I had the chance to catch the end of a panel presentation by Andrea Charise during the Canadian Conference on Medical Education on the importance of Medical Humanities in understanding illness from not just a clinical perspective, but also from a personal perspective. It reminded me of Laura Knetzger’s SeaUrchin, a comic published by Retrofit Comics that I’ve been meaning to talk about since last May. I barely know where to start, but wrapping my head around the idea of medical humanities and how art has values in understanding illness and those afflicted by it allowed me to get a better grip on the Sea Urchin.
Our protagonist in this book is Laura, presumably the same Laura as the artist. We follow her journey of living with crippling depression and eventually her bittersweet ride onto the sunset road to recovery. Laura talks at length about the ongoing issues caused by this depression. What am I good for? Why do the things I enjoyed no longer have any importance to me? Why am I mean to the people I love? Why can’t I get out of this funk? How can I live like this? Knetzger describes in painful detail the realities of dealing with such an illness. It permeates your life, your daily thoughts and affects both your behavior and your physical health.
I was glad to see Knetzger take what must have been a painful topic and expose it to a new light, to different angles. She wrote a mini-comic called Find me, Look for Me a few years ago (reviewed here) where these themes were, much like mental illness, hidden slightly below the surface. In this case, our protagonist is depressed because of the disappearance of her brother and the fallout of it and she finds solace in caring for a defenseless alien, or pet. But I believe that depression isn’t necessarily caused by a specific event, but rather a confluence of many factors, both social, psychological and physical. While her first work addresses those issues, it is Sea Urchin that approaches these themes in a much more head-on manner. Its a discussion on how depression affects emotions, causing a huge onset of hopelessness, irritability and invading dark thoughts. Touching on how this causes fatigue and how it affects concentration is key in relating this story. Suffering from depression is not a temporary weakness, it is a real medical condition. Sea Urchin doesn’t hide its theme, nor does it explain how it begins or even offer diagnostics on how to fix it. I felt a sort of courageous strength in the work. Laura describes all of this without doubt, fear or shame. It is here and it is an issue to work through.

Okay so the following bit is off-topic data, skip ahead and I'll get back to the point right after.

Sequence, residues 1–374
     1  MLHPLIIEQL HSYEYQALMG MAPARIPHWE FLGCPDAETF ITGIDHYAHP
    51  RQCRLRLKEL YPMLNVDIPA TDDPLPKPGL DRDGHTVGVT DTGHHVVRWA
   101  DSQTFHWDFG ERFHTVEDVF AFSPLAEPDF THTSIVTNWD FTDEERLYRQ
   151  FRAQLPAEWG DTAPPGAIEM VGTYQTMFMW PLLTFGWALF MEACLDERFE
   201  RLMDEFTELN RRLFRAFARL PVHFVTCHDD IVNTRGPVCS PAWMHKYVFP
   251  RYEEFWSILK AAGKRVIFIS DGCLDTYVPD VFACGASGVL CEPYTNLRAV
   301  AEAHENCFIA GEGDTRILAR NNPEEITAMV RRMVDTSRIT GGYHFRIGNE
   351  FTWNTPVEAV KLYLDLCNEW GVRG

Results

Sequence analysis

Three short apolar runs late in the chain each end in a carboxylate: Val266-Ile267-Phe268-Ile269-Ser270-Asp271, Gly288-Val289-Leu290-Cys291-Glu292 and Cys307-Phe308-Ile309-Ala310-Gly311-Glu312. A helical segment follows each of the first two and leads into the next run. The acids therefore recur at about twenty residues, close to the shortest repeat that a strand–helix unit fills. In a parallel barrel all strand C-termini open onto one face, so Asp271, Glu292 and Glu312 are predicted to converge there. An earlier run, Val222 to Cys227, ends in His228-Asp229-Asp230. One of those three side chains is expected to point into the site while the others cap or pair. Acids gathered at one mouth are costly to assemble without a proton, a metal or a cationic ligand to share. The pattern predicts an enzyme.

I will mention that this work is in Black & White. It looks gorgeous that way; the lines are clean and expressive. It has an energy to it that I find charming. Her pages don’t follow any sort of standard grid which lends it that energy, but it never gets confusing and never strays into incomprehensible mess. I did enjoy the use of color in Find me, Look for me. The blue tones added a sort of coldness, a sadness that is difficult to replicate without colour. The strength of the material allows it to not lose any of its impact. A true strength of the work. The size of it was jarring at times, varying from perfect on the page to blown up just too much, as if you had zoomed in on an iPad version of it and the size had gone on to 125% of the original size of the art. It only happens a handful of times, but it was certainly unexpected and took me out of the book. I kept wondering if this was done intentionally, or if certain pages had been blown-up because they were drawn on different sizes of paper. Regardless, Knetzger's style is consistent throughout and just delightful to see.
While Knetzger talks about depression openly, Sea Urchin never feels like a laundry list of ailments or a plea to commiserate with her. Sea Urchin approaches its themes seriously but is not simply about the pain. Moments of levity are also plentiful in this work. The protagonist walks in the street, trying to conjure up the courage to pat a dog she thinks looks cute. These moments remind us that, while illness is serious, moments of happiness do arise, however fleeting they may be. It also helps create a more rounded protagonist. We aren’t simply observers of her pain, but also of her small victories. This lands the work a charm that other works of its kind don’t necessarily have. There is no answer in this book, simply scribbled maps leading to some better ways. It is a work of great depth and attention to detail that is key in understanding the quirks afflicting those suffering from depression.